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Retaining Rural Science & Math Teachers

Professor pointing at college student with hand raised in classroom. Student raising a hand with a question for the teacher. Lecturer teaching in class while girl have a question to do during a math lesson.
Cultivating a high-quality science and math teacher workforce in rural Illinois
  • Client
    National Science Foundation
  • Dates
    2024 – 2027


Teacher shortages are endemic in many rural schools.

Rural school districts experience teacher shortages that exceed the national average, deeply impacting student learning. Secondary science and math classrooms have the most serious issues with unfilled or underfilled positions compared with other subject areas (Ingersoll & Tran, 2023). These shortages can lead to course cancelations or the recruitment of non-licensed teachers for math and science. Identifying and implementing practices that help retain high-quality teachers is vital to reversing that trend. However, most research addressing teacher retention focuses on urban settings. The National Science Foundation (NSF) seeks to understand how rural districts and school leaders can create positive working conditions and community connections to retain science and math teachers (SMTs) in high-needs rural school districts in Illinois.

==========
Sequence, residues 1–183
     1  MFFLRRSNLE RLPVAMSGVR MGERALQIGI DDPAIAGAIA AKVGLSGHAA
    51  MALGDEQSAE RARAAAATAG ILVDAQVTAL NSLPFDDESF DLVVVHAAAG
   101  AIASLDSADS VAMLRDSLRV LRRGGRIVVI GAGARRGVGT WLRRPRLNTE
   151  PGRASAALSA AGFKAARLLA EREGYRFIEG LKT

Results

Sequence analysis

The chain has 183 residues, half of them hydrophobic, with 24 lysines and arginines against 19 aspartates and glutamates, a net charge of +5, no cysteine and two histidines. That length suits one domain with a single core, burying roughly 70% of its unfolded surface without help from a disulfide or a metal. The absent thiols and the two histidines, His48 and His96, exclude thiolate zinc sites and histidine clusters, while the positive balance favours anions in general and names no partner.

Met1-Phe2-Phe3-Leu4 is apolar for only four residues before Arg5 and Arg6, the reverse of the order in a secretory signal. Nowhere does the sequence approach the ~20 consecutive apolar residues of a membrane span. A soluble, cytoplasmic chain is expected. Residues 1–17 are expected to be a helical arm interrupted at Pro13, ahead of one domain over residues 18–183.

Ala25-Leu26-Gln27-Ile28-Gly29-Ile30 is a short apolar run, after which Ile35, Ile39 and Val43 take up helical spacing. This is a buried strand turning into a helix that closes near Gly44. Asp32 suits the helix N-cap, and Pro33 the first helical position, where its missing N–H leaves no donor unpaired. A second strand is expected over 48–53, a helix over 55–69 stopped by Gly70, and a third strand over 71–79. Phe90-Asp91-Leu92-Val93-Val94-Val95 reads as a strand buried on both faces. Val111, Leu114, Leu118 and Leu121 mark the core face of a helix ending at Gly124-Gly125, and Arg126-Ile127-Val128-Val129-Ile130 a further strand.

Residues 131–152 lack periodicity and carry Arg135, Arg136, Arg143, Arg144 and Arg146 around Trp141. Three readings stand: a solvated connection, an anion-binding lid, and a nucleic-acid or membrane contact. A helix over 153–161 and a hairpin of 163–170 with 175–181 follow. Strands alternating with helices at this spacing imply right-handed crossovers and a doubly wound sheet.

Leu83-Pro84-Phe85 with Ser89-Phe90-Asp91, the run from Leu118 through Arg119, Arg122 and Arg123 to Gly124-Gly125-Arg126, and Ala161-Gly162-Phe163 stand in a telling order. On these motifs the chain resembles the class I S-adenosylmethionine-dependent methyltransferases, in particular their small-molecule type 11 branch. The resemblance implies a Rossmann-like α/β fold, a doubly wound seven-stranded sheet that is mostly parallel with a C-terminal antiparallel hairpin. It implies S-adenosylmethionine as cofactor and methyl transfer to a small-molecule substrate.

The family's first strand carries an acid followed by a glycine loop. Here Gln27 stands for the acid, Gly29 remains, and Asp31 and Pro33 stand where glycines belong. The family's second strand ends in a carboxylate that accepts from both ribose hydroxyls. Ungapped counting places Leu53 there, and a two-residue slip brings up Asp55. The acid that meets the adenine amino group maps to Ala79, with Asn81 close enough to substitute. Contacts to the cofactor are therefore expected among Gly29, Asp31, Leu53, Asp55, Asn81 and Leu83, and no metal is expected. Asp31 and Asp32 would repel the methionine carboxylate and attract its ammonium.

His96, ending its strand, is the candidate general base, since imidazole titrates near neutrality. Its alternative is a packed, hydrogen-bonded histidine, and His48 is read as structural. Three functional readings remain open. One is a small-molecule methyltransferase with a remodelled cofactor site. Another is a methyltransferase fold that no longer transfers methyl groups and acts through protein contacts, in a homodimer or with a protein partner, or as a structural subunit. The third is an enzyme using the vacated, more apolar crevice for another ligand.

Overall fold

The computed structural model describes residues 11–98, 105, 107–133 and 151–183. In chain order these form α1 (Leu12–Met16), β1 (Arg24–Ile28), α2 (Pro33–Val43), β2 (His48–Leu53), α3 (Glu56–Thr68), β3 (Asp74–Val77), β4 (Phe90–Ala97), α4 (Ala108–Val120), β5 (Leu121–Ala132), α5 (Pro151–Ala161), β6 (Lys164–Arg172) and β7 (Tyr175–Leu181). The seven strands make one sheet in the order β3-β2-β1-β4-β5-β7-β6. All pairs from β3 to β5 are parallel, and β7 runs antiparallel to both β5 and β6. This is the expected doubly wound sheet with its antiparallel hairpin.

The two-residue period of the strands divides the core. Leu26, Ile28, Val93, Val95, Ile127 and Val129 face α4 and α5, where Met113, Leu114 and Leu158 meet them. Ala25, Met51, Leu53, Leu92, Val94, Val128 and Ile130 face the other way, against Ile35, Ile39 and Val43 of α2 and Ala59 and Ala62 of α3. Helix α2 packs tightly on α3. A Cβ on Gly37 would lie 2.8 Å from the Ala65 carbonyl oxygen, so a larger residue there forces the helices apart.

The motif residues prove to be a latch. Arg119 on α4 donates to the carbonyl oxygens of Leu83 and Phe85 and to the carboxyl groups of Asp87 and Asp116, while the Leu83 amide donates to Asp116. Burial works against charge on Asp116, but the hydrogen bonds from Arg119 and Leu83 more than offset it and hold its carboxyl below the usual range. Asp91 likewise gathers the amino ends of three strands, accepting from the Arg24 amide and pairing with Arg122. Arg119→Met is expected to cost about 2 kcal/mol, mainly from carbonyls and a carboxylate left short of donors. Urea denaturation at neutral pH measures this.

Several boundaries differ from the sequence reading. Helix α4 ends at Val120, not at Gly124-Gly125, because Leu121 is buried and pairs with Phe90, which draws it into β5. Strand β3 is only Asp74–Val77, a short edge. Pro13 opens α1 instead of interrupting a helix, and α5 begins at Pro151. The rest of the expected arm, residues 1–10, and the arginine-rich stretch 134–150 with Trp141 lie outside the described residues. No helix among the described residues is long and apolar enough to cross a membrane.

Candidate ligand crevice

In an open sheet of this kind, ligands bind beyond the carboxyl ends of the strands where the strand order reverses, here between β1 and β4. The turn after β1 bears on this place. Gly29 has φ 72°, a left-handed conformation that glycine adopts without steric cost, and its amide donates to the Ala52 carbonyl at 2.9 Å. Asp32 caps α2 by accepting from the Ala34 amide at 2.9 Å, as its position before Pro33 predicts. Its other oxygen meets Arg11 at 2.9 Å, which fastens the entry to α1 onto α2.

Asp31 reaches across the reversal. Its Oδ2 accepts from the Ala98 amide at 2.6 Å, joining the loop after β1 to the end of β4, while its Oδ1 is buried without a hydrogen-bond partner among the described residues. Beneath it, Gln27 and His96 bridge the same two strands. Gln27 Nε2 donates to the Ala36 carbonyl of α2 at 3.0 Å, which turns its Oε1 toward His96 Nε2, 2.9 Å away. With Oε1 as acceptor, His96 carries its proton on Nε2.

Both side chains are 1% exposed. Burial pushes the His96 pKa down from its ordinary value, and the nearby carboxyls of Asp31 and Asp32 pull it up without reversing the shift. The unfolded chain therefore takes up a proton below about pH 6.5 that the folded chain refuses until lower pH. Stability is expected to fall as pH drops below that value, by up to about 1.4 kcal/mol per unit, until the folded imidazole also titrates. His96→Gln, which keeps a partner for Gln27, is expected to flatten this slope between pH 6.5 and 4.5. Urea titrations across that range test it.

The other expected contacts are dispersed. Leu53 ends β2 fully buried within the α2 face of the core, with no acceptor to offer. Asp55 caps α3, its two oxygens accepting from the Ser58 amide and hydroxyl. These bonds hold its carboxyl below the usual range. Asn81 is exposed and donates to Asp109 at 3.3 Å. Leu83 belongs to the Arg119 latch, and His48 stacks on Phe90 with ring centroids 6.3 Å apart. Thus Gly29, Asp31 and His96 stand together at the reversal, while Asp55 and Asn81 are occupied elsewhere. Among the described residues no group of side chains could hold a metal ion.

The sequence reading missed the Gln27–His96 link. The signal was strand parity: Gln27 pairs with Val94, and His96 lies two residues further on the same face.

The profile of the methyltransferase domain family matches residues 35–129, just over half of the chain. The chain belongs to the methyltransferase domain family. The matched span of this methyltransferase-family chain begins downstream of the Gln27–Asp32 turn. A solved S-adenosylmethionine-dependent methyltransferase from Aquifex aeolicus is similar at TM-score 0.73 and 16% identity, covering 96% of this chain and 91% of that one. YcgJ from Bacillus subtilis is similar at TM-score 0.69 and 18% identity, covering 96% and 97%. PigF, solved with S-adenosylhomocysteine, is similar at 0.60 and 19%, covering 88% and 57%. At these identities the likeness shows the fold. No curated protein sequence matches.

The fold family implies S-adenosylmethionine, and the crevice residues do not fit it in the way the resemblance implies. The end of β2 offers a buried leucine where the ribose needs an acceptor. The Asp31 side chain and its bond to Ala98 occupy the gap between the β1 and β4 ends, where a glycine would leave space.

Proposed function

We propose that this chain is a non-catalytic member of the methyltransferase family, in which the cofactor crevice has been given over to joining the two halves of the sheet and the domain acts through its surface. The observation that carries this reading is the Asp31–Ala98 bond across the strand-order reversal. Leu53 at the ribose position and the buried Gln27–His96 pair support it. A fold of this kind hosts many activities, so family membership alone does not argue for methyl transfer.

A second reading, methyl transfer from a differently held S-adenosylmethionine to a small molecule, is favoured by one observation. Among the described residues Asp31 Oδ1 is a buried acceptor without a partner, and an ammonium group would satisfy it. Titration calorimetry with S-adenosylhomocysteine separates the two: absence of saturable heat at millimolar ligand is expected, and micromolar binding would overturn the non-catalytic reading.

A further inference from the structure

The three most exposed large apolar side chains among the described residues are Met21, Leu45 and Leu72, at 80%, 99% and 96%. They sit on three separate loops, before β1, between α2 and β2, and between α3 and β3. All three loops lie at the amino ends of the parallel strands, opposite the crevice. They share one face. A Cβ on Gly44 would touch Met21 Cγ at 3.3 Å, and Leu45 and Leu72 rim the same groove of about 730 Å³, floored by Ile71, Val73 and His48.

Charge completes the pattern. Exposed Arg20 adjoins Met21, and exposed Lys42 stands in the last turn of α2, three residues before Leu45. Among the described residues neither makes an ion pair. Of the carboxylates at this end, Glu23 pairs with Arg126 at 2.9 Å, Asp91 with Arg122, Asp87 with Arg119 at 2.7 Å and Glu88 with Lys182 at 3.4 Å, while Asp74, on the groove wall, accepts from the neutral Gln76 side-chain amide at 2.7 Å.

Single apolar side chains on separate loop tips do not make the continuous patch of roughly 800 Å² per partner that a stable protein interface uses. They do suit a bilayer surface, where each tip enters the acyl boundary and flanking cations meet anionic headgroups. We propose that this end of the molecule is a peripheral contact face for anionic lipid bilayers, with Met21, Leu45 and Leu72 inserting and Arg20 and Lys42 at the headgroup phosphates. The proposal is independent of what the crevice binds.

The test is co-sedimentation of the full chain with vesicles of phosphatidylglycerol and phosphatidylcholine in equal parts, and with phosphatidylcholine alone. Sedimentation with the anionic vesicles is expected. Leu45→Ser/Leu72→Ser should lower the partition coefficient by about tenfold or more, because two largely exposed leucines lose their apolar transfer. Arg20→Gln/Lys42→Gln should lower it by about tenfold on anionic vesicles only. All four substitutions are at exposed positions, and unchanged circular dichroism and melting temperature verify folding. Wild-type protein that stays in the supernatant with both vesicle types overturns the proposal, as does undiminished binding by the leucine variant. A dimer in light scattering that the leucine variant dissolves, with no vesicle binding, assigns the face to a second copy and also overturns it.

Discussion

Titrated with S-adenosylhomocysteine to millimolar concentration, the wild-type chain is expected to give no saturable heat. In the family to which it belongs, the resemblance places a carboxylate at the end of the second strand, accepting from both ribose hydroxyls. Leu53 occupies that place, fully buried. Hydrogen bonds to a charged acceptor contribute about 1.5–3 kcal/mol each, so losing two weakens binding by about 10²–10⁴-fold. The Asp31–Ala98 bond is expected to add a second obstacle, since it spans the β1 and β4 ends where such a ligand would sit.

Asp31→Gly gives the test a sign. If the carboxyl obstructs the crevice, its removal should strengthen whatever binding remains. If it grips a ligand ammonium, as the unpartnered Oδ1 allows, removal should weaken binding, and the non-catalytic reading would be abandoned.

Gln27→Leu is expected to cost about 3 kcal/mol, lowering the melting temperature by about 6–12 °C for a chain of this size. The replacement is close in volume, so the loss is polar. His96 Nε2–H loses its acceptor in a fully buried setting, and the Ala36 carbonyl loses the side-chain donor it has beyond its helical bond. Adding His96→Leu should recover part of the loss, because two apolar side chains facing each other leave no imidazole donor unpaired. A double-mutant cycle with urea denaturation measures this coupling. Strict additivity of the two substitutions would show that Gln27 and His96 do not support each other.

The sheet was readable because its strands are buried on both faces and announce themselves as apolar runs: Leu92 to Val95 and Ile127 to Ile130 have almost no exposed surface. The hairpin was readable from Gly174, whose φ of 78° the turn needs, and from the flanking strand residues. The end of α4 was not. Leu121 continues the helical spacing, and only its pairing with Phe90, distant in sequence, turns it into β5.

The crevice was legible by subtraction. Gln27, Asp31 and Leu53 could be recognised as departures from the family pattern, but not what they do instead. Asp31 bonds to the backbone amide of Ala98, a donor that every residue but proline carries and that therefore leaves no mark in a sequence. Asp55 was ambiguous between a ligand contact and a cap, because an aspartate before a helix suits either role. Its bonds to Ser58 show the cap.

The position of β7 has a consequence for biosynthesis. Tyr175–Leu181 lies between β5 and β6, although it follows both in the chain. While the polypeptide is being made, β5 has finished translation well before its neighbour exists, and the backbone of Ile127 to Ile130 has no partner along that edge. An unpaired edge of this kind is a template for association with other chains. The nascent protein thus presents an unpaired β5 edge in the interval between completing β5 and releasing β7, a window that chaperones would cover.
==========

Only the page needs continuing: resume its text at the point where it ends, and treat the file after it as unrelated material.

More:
NORC and partners will identify which district- and school-level approaches and community-level characteristics promote SMT retention in rural Illinois. 

NORC and its partner, the Illinois Workforce & Education Research Collaborative (IWERC), received a grant from the NSF (Award #2344942) to examine factors and working conditions that encourage rural teachers to remain in their schools. Together, they will conduct a mixed-methods study that examines:

  • What organizational and community characteristics are associated with rural SMT retention and effectiveness; and 

  • What school and district policies, strategies, and practices contribute to rural SMT retention and effectiveness.

The quantitative components of our work will include a landscape analysis of high-needs rural districts using administrative data at the school and district levels and a web-based survey of all middle and high school SMTs in rural high-needs districts in Illinois. 

The qualitative component will be a case study that includes five high-needs rural districts with positive trends in teacher retention to better understand variations in geographic and district/school community contexts. 


Our study findings will help address rural teacher shortages by sharing effective approaches for retaining SMTs.

This study will identify factors that can be modified to positively impact rural SMT retention, providing a “blueprint” for other high-needs rural districts across the state of Illinois and nationally. 

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